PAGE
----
You get what you pay for when it comes to forage inoculants
Dr. Mike Hutjens, University of Illinois at Urbana-Champaign, lists forage inoculants as one of his top five additives that pay for themselves many times over for lactating dairy cows. However, not all bacterial strains with the same name behave the same, and not all inoculants will provide the same level of quality and effectiveness. Price will always be a consideration when purchasing a forage inoculant, but, before you purchase inoculant based on price alone, take a moment to understand the amount of research and money that goes into creating and marketing a viable forage inoculant.
Unbiased, quality research
The first step in inoculant development is to isolate and test various bacterial strains from successfully fermented silage. Once a potential strain is identified as being a strong fermenter that can be grown easily, it must be compared to inoculants currently on the market to determine if this would be a step forward in the industry or a lateral move. The easiest way to do this is by conducting a mini-silo experiment. Mini-silos are typically buckets, jars or vacuumed bags filled with silage that provide repetition you can’t get from large-scale silos. A standard mini-silo trial will cost around $5,000 due to sample analysis, labor, materials, etc.
Once multiple mini-silo trials have been conducted to verify results, we start farm-scale trials and, eventually, animal trials. Researchers from the University of Delaware, University of Florida and University of Wisconsin-Madison all agree the bare minimum charge for an animal trial with two treatments (untreated versus treated) would be $100,000.
Vita Plus Crop-N-Rich® forage inoculant has almost 300 mini-silo experiments and more than 15 lactation trials to support its claims to increase milk production, promote a more efficient fermentation, and reduce dry matter loss. This means millions of dollars have gone into the development of Crop-N-Rich, a forage inoculant with dependable performance and proven return on investment, and it provides producers with real, reliable numbers to justify their investment.
Production and ongoing quality control
Many variables and costs go into mass-producing a forage inoculant that will flow through a low-volume applicator. Growing a concentrated product that dissolves well in water is crucial because more than 2 to 3 grams of forage inoculant per ton of silage typically won’t flow through a Dohrmann applicator. The best inoculant is of no use if it has an application rate of 15 grams per ton of silage, which is not practical, or if it does not mix into solution. It requires state-of-the-art facilities with advanced skill, knowledge and expertise to make that happen.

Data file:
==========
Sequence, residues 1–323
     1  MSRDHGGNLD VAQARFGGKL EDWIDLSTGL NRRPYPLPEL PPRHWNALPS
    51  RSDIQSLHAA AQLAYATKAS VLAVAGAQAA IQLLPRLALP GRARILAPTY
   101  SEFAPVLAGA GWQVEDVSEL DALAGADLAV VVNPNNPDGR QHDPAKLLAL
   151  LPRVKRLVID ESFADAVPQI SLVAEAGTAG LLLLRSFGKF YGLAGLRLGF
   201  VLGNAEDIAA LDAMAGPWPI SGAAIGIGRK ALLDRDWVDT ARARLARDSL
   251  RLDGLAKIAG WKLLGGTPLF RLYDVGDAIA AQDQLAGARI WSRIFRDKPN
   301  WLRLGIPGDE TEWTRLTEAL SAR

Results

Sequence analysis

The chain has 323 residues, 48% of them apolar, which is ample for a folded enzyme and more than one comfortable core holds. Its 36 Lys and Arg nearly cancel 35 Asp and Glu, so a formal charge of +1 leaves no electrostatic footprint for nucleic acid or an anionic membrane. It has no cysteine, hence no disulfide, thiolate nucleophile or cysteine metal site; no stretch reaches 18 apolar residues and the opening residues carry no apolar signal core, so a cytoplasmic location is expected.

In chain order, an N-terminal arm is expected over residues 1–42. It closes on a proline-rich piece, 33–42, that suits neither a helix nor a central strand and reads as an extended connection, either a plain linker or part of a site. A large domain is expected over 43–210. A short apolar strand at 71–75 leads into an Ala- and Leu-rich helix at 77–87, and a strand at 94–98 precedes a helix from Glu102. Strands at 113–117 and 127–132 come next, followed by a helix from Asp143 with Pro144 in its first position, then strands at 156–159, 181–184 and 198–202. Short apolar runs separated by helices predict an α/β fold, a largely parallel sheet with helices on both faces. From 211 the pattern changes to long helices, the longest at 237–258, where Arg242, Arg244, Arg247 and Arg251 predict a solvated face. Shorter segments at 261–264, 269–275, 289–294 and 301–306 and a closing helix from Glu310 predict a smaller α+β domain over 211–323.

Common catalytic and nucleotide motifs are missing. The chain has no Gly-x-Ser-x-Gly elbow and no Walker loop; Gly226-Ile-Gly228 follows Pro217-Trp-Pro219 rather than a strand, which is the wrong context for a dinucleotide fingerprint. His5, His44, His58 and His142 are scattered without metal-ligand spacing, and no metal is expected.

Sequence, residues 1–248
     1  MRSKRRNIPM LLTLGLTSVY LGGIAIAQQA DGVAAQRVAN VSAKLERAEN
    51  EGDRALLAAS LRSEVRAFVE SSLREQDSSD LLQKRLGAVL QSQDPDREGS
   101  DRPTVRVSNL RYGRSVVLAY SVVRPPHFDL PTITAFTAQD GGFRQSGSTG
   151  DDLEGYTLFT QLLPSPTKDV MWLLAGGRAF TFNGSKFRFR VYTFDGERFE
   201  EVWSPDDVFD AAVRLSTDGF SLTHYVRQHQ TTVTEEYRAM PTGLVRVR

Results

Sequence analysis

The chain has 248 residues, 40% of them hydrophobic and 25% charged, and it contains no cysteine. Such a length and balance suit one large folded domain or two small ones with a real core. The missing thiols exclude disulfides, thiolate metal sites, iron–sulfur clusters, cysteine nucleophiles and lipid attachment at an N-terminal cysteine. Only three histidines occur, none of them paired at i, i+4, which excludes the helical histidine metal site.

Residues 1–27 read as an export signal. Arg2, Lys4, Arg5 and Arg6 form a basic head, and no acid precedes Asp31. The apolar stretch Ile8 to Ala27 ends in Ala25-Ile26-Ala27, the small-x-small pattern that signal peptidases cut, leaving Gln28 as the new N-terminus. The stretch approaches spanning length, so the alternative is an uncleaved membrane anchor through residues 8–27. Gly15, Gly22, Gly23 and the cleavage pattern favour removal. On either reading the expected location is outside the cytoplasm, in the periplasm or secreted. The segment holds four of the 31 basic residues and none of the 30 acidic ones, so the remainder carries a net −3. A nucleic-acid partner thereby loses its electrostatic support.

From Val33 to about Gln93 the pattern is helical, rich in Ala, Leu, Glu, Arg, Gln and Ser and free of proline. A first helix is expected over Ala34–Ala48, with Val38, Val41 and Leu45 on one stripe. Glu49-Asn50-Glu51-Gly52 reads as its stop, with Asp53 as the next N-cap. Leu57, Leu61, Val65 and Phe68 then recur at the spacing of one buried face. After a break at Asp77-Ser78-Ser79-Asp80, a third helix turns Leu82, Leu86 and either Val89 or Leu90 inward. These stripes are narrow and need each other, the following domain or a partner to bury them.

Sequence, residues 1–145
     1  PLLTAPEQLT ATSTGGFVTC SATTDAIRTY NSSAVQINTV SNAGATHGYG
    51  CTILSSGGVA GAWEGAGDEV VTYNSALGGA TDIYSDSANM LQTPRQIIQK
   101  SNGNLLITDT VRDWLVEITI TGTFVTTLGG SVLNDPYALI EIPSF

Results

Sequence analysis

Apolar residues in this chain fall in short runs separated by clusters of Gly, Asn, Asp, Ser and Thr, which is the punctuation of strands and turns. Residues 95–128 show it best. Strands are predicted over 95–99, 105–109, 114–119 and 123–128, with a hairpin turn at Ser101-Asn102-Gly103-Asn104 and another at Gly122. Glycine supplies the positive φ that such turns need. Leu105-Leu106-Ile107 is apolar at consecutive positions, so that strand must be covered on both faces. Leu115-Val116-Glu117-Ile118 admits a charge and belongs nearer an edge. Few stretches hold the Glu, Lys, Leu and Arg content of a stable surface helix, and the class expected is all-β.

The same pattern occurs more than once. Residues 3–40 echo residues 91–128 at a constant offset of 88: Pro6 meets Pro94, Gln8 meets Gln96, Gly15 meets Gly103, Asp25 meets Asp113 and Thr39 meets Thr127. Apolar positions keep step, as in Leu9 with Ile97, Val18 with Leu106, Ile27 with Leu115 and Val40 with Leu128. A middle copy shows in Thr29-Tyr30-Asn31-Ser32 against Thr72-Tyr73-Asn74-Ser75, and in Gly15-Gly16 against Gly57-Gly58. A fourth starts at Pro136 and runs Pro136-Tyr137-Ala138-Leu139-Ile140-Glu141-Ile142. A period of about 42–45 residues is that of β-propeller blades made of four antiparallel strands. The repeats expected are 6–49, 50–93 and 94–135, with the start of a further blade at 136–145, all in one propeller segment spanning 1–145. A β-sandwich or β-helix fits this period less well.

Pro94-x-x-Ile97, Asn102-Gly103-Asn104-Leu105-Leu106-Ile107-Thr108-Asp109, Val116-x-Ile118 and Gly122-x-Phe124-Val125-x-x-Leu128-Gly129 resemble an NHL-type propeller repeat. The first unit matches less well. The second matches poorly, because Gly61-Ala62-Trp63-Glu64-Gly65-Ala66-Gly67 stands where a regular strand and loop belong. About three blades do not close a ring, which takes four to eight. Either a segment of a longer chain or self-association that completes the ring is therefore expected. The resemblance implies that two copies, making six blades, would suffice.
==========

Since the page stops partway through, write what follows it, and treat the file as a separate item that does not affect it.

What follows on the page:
Once the inoculant is produced and concentrated, it must also have long-term shelf stability. The smallest amount of moisture in a product can cause the bacteria to die before it ever reaches the crop. Ensuring product viability also requires quality packaging facilities and routine testing of random batches.
The other unseen inoculant costs are for the services producers receive from those selling the inoculants. Vita Plus uses a team-approach to provide these services and more to help you meet your farm’s production and financial goals:
- Forage feedout strategy
- Fermentation analysis
- TMR particle length distribution evaluation
- Manure scoring and fecal starch analysis
- Mycotoxin mitigation strategies
- Feeder training
- Bunker and pile management surveying and benchmarking
- Feed inventory management and predictive use
- Commodity evaluation and selection
- Inoculant applicator calibration
- Harvest and storage planning
- Kernel processing and chop length monitoring
- Evaluation of forage seed technologies
- Recommendations for small grains and other non-traditional forage sources
Not every company will provide these services, just as not every forage inoculant will have unbiased research supporting it, the ability to flow through a low-volume applicator, stability during storage, or continued quality control. While some inoculants often come with a lower price tag, it is important to ask why the price is so low and what it is lacking when you are considering forage inoculants. Contact your Vita Plus consultant to learn more about our forage products and services.
This article was originally written for the February edition of Vita Plus Forage Foundations. Click here for more forage management technical expertise and practical tips.
About the author: Dr. Michelle Chang-Der Bedrosian is a Vita Plus forage products and dairy technical service specialist. Chang-Der Bedrosian earned her bachelor’s and master’s degrees in animal science at the University of Delaware. She continued there to earn her Ph.D. in animal and food science, specializing in forage research with Dr. Limin Kung. Her thesis research centered on the use of a protease to improve starch digestibility earlier in the ensiling process. A New Jersey native, Chang-Der Bedrosian gained much of her farm experience during her collegiate years, milking cows, working in a forage laboratory, and performing dairy research. Based in Madison, Wisconsin, Chang-Der Bedrosian’s responsibilities at Vita Plus include forage product research and development, dairy research, and dairy technical services.
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